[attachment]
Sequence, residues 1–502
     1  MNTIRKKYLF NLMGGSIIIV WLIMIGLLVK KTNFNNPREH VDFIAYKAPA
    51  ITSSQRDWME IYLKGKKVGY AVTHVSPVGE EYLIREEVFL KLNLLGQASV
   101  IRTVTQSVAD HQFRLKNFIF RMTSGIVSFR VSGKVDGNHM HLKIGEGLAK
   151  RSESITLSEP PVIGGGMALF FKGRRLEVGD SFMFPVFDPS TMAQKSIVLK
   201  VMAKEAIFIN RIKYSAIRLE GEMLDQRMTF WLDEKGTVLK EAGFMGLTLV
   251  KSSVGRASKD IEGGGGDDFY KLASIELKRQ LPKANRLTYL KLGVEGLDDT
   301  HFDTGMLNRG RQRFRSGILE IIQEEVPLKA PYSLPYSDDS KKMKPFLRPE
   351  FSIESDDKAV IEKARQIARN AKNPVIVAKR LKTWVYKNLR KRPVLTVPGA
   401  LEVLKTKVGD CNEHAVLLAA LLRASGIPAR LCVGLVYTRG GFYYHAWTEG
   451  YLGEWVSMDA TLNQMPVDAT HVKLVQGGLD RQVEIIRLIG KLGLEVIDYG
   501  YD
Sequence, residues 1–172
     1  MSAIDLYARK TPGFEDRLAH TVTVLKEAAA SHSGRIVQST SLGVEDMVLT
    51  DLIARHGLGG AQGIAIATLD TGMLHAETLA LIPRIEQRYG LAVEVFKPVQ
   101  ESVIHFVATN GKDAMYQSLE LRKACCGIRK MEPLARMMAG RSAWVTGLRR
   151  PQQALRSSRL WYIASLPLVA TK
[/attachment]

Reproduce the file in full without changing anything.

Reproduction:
Sequence, residues 1–502
     1  MNTIRKKYLF NLMGGSIIIV WLIMIGLLVK KTNFNNPREH VDFIAYKAPA
    51  ITSSQRDWME IYLKGKKVGY AVTHVSPVGE EYLIREEVFL KLNLLGQASV
   101  IRTVTQSVAD HQFRLKNFIF RMTSGIVSFR VSGKVDGNHM HLKIGEGLAK
   151  RSESITLSEP PVIGGGMALF FKGRRLEVGD SFMFPVFDPS TMAQKSIVLK
   201  VMAKEAIFIN RIKYSAIRLE GEMLDQRMTF WLDEKGTVLK EAGFMGLTLV
   251  KSSVGRASKD IEGGGGDDFY KLASIELKRQ LPKANRLTYL KLGVEGLDDT
   301  HFDTGMLNRG RQRFRSGILE IIQEEVPLKA PYSLPYSDDS KKMKPFLRPE
   351  FSIESDDKAV IEKARQIARN AKNPVIVAKR LKTWVYKNLR KRPVLTVPGA
   401  LEVLKTKVGD CNEHAVLLAA LLRASGIPAR LCVGLVYTRG GFYYHAWTEG
   451  YLGEWVSMDA TLNQMPVDAT HVKLVQGGLD RQVEIIRLIG KLGLEVIDYG
   501  YD
Sequence, residues 1–172
     1  MSAIDLYARK TPGFEDRLAH TVTVLKEAAA SHSGRIVQST SLGVEDMVLT
    51  DLIARHGLGG AQGIAIATLD TGMLHAETLA LIPRIEQRYG LAVEVFKPVQ
   101  ESVIHFVATN GKDAMYQSLE LRKACCGIRK MEPLARMMAG RSAWVTGLRR
   151  PQQALRSSRL WYIASLPLVA TK